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Te Papa extends Gallipoli exhibition to Anzac Day 2022

Wed 24 Apr 2019

Te Papa announced today that its ground-breaking exhibition Gallipoli: The scale of our war will remain at the museum for at least three more years, and will not close before Anzac Day, 25 Apr 2022.

Originally scheduled to close in 2019, the free exhibition is still proving a huge drawcard for visitors, with more than 2.5 million people having seen it to date.

The exhibition, created by Te Papa working closely with Weta Workshop, is the most-visited exhibition in New Zealand’s history, and has set a global benchmark for immersive museum experiences.

Te Papa Board Chair Evan Williams said the extension would give as many New Zealanders as possible a chance to experience it for themselves.

“From when it first opened we have seen the exhibition have a profound effect on New Zealanders. It fosters empathy, inspires reflection, and is the starting point for powerful conversations,” he said.

Mr Williams said the decision to extend the exhibition had been made earlier this year, as a result of ongoing demand from the public.

“We made the decision to extend Gallipoli before the attacks in Christchurch, but in the wake of those acts of terrorism, its focus on the human cost of violence is more relevant than ever,” he said.

“This is the kind of storytelling that connects us to our history, and to each other, and helps us recognise our shared humanity over the span of different times, and different cultures.”

Turkish Ambassador to New Zealand His Excellency Mr Ahmet Ergin said the exhibition had provided an opportunity to recognise the close ties that had grown between the countries since the tragedy of Gallipoli.

“As the proud hosts of Anzac Day services every year we are delighted to hear that this masterfully curated exhibition has been extended for more people to reflect upon our shared sacrifice and most treasured relationship,” he said.

“We share a unique bond of friendship built in the wake of a tragic conflict. Gallipoli marks the turning point in our history as we rebuilt our national identity out of the embers of that war. It is incumbent on us all to cherish the memories of our grandfathers who made the ultimate sacrifice, and of their loved ones left behind.”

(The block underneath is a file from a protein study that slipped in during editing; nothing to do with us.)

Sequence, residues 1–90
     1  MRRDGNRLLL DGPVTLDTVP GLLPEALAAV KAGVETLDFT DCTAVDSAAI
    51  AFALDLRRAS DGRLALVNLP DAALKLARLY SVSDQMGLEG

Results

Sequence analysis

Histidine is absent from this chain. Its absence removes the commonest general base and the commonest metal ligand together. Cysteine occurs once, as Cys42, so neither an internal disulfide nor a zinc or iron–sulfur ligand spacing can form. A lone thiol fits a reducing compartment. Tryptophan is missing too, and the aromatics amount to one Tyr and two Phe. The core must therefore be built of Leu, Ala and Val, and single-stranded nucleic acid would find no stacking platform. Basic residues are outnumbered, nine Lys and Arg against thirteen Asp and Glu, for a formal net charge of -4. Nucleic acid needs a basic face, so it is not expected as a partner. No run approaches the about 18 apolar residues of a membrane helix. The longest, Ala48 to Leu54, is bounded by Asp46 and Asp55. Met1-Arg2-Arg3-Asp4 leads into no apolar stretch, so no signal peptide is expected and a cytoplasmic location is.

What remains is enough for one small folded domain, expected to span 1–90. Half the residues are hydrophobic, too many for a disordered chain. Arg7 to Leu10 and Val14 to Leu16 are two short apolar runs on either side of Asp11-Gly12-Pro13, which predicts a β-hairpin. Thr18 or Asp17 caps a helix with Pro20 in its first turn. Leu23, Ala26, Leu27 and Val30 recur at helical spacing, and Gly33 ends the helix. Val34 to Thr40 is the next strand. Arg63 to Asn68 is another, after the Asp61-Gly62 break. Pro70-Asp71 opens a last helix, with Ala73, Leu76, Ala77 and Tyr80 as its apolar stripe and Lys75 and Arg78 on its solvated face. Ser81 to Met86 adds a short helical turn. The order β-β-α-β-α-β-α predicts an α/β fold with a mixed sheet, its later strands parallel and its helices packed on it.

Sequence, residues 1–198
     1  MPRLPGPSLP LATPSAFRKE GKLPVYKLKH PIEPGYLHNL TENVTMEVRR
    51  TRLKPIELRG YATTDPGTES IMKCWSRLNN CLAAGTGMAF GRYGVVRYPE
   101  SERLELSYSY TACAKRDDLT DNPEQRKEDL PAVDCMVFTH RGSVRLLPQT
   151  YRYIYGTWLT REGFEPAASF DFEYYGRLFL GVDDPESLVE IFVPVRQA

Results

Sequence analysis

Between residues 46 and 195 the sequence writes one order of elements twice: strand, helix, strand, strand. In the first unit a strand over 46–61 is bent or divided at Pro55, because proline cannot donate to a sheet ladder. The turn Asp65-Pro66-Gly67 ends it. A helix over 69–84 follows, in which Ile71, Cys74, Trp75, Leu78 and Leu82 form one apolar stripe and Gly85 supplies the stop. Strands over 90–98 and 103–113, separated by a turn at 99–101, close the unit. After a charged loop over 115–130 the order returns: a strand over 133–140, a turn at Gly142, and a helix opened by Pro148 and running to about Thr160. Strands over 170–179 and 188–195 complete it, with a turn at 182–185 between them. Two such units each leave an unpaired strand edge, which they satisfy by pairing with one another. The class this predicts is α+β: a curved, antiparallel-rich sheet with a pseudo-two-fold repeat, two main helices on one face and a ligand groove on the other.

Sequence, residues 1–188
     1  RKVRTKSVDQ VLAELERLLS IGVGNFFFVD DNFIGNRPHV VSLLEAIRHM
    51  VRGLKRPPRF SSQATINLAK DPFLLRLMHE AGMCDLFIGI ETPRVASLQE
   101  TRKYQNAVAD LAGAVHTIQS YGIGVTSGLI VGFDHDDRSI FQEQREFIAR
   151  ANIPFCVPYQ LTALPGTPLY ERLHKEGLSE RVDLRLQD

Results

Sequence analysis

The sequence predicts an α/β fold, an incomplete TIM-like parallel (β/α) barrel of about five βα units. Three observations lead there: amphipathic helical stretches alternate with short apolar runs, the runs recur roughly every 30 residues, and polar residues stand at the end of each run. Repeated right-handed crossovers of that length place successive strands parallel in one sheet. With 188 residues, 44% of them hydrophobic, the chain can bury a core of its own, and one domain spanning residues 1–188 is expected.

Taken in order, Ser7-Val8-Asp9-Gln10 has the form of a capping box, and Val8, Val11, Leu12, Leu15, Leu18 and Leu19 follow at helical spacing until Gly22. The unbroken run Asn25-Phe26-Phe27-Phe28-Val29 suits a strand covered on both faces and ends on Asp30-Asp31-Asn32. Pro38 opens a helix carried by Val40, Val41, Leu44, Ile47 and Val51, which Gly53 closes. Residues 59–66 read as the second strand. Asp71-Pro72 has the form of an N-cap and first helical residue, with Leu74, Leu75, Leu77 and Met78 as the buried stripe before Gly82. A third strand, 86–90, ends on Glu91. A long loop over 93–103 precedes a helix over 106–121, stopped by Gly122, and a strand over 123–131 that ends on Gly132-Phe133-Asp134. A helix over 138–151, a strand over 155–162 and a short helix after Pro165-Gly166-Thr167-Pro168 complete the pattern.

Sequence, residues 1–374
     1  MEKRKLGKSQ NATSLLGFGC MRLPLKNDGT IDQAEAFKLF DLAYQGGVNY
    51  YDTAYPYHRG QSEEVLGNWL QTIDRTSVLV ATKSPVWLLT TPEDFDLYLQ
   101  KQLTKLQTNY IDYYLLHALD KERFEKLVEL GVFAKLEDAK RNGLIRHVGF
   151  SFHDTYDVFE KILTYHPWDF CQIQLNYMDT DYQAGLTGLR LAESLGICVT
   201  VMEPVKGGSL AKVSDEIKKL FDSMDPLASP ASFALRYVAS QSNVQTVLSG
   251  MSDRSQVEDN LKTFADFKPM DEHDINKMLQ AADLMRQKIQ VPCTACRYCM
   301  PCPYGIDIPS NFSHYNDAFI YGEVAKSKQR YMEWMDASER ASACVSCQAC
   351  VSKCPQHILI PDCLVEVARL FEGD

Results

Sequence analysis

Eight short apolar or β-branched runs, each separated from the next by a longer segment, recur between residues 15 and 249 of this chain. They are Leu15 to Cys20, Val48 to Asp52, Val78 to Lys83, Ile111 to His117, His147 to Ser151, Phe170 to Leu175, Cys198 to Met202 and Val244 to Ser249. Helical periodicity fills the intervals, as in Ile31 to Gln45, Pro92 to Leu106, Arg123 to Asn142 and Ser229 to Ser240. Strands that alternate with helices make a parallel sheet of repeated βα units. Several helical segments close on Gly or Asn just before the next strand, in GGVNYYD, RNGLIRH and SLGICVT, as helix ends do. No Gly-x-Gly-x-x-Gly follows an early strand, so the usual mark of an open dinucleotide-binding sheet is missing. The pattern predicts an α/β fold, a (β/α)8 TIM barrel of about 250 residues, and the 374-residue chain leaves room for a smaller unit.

Weta Workshop creative director Sir Richard Taylor was one of the driving forces behind the exhibition.

“Working on this exhibition has been a profoundly personal journey for me, and for the Weta Workshop team.

“We wanted to go beyond the sheer scale of the numbers and statistics, and tell very personal stories, to really connect visitors to the human experience,” he said.

“The comments we receive every day from visitors tell us that the exhibition is achieving that more powerfully than we could have hoped for.

“Many visitors express gratitude and connection with the individuals whose stories we tell, and many respond with explicitly anti-war sentiments.”

Media contact

Te Papa spokesperson Kate Camp
kate.camp@tepapa.govt.nz
029 601 0180

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Caption

A poppy left by a visitor to Gallipoli: The scale of our war which reads: “For all the soldiers who died, whatever side.” Photo by Jack Fisher. Te Papa

The message of a million poppies

At the end of the exhibition, visitors have the opportunity to leave a poppy with a message on it. Te Papa estimates over a million poppies have been left by visitors to date.

A sample of 3,000 poppies was analysed by researcher Nicola Caldwell and categorised according to the sentiments expressed. The results show a number of common themes.